Many researchers tried to investigate the mean concentration of fluoride in ground drinking water sources and prevalence of dental fluorosis in Ethiopian rift valley. But these studies are highly scattered and need systematically reviewed and summarized for better utilization. Therefore, this research work aimed at filling this gap through calculating the pooled mean level of fluoride concentration in ground drinking water sources and prevalence of dental fluorosis among Ethiopian rift valley residences.
The objective of this systematic review and meta-analysis is to determine the level of pooled mean fluoride concentration in ground drinking water sources and the pooled prevalence of dental fluorosis in Ethiopian rift valley.
Methods and materials
The Ethiopian sector of the East African Rift system extends for more than 1000 km in a north east-south west to north- south direction from the Afar depression, at Red Sea-Gulf of Aden junction, southwards to the Turkana depression. It is a long and narrow strip of low-lying plain land in between the highlands. It stretches from the north eastern part of the country to the southern border with Kenya, and divides the highland masses into two, the central and eastern highlands of Ethiopia . Groundwater is an important source of drinking water and the dominant source for domestic supply in the region where surface waters are scarce and seasonal [17,18,19]. This area of the country usually associated with high level of fluoride in groundwater because of volcanic and basaltic rocks, which are more likely to release a high concentration of fluoride [10, 17, 20].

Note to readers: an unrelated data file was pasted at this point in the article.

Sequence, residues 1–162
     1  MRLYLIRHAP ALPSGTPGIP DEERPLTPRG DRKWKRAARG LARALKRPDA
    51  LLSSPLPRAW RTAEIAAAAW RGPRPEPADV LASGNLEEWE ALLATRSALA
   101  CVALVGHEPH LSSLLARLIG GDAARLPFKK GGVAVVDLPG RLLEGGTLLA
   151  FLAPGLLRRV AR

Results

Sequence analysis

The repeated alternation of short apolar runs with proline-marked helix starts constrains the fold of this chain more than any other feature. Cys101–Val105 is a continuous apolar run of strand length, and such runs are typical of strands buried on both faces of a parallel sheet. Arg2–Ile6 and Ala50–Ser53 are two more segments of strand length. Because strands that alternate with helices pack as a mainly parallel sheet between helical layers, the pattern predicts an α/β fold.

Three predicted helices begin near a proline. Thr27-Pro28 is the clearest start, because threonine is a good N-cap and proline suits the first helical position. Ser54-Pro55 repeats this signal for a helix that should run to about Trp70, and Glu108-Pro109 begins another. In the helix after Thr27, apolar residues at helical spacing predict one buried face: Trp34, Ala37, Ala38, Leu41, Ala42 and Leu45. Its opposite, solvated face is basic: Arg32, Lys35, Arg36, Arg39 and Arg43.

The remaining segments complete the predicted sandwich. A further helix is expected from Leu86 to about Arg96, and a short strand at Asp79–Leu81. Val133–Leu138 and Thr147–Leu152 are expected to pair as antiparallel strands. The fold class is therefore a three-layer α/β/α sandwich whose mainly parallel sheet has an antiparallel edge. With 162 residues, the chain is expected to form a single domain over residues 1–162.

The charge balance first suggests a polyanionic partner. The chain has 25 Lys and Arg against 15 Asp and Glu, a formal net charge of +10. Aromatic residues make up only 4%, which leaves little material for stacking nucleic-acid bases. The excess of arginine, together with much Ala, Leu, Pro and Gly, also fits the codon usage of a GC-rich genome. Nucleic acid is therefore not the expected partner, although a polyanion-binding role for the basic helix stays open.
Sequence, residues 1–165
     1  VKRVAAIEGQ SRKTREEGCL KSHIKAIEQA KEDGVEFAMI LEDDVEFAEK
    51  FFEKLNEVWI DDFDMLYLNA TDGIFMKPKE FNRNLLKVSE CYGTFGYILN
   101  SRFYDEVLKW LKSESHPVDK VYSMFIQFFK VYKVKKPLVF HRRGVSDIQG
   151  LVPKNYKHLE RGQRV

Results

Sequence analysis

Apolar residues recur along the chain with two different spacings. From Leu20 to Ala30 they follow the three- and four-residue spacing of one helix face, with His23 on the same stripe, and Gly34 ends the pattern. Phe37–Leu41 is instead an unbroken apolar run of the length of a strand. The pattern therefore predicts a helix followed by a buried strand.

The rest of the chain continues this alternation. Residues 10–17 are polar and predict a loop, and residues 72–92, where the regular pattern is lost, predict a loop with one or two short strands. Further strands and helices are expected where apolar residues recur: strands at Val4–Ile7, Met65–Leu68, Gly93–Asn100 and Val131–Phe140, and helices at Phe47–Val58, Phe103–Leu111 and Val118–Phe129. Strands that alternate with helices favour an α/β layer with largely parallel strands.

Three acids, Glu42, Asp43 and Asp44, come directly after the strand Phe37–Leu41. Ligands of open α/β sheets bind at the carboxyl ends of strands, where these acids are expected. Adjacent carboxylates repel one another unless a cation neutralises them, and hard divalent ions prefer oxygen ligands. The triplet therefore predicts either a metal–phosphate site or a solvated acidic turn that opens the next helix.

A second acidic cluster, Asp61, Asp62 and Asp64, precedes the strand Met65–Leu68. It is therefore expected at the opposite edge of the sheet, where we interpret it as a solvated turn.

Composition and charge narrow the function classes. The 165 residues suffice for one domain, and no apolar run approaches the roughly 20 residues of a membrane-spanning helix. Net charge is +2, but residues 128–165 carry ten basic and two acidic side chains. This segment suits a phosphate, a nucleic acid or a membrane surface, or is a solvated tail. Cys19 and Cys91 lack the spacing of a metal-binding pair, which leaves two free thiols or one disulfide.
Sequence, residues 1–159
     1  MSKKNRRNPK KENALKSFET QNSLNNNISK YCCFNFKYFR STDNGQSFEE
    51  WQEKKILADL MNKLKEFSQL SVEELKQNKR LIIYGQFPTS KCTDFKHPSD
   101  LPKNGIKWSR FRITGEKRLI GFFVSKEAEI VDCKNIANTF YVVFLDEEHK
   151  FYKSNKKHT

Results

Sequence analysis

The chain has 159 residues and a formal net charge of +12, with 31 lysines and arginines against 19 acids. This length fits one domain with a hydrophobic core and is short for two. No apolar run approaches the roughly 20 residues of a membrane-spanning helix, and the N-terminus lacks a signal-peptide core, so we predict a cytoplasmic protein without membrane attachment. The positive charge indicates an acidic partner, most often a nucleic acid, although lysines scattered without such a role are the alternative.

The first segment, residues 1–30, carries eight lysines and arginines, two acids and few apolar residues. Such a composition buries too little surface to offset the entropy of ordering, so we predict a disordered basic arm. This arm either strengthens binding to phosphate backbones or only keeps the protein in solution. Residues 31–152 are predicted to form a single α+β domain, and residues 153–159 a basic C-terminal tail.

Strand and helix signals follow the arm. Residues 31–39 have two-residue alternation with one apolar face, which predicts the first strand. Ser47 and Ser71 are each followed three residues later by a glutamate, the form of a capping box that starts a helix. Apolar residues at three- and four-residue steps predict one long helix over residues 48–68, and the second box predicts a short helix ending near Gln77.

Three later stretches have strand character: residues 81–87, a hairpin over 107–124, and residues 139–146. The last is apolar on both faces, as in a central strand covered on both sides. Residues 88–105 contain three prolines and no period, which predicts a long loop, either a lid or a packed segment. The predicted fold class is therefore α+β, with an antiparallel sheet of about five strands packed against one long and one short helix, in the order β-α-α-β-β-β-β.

Data sources and search strategy
Peer reviewed journal articles which have reported the mean concentration of fluoride in ground water source and prevalence of dental fluorosis in Ethiopian Rift valley were searched via scientific databases, libraries and the journals themselves. Cochrane library, MEDLINE/PubMed and Google scholar databases were the main sources for the studies. The Preferred Reporting Items for Systematic Reviews and Meta-Analyses (PRISMA) statement guideline  was used to screen articles (Fig. 1). The following searching terms with Boolean operators were used to search PubMed; fluoride OR f-OR fluorosis OR drinking AND water OR ground AND water AND rift valley AND Ethiopia. In addition, we tried to check references of searched papers to obtain additional articles which is not identified in the databases.
Inclusion and exclusion criteria
This review included all studies which measured the concentration of fluoride in ground drinking water sources and its outcome indicative (dental fluorosis) in Ethiopian rift valley region. Studies reported fluoride concentration (the minimum, maximum, mean and standard deviation in mg/l) were considered. In addition, the daily water consumption and fluoride intake per body weight also extracted from some studies. Regarding dental fluorosis, articles were selected based on fluorosis report with different severity level (mild, moderate and sever). Studies published in full text or abstract and published only in the English language (to avoid mistakes in the translation process) were included. Peer-reviewed and laboratory-based works with clear report of the result of laboratory tests also considered during screening (Table 1). All articles which did not meet the proposed criterion were excluded.
In order to assess the quality of included studies, the Newcastle-Ottawa Scale (NOS) which is adapted for cross-sectional studies (additional file 1) was used. Four investigators (HD, AB, ZA and AM) assessed the quality of included studies based on the efforts made by the authors of each primary studies to minimize the risk of error and bias. Inconsistencies between the quality assessor were discussed to reach consensus. But in most case the risk of bias for the prevalence of dental fluorosis across these studies was unjustifiable. To minimize the chance of error in data extraction, a pre-determined and standardized data extraction form was prepared and piloted with all review team members prior to the actual data extraction.